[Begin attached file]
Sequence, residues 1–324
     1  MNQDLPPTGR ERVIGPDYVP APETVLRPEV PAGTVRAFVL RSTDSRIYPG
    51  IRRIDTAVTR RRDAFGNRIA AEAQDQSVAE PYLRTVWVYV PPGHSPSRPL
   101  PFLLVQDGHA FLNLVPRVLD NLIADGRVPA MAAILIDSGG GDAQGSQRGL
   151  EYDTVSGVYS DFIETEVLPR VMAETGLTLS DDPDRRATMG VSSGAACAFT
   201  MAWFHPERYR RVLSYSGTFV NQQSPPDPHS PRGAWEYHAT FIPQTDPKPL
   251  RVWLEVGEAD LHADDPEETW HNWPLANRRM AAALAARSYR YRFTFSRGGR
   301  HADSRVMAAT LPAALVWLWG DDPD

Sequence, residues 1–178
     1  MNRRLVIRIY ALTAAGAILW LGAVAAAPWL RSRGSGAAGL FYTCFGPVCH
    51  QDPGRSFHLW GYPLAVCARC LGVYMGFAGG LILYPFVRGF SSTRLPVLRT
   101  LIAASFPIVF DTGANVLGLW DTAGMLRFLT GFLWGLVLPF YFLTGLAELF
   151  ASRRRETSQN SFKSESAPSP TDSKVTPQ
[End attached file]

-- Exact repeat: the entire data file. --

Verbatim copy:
Sequence, residues 1–324
     1  MNQDLPPTGR ERVIGPDYVP APETVLRPEV PAGTVRAFVL RSTDSRIYPG
    51  IRRIDTAVTR RRDAFGNRIA AEAQDQSVAE PYLRTVWVYV PPGHSPSRPL
   101  PFLLVQDGHA FLNLVPRVLD NLIADGRVPA MAAILIDSGG GDAQGSQRGL
   151  EYDTVSGVYS DFIETEVLPR VMAETGLTLS DDPDRRATMG VSSGAACAFT
   201  MAWFHPERYR RVLSYSGTFV NQQSPPDPHS PRGAWEYHAT FIPQTDPKPL
   251  RVWLEVGEAD LHADDPEETW HNWPLANRRM AAALAARSYR YRFTFSRGGR
   301  HADSRVMAAT LPAALVWLWG DDPD

Sequence, residues 1–178
     1  MNRRLVIRIY ALTAAGAILW LGAVAAAPWL RSRGSGAAGL FYTCFGPVCH
    51  QDPGRSFHLW GYPLAVCARC LGVYMGFAGG LILYPFVRGF SSTRLPVLRT
   101  LIAASFPIVF DTGANVLGLW DTAGMLRFLT GFLWGLVLPF YFLTGLAELF
   151  ASRRRETSQN SFKSESAPSP TDSKVTPQ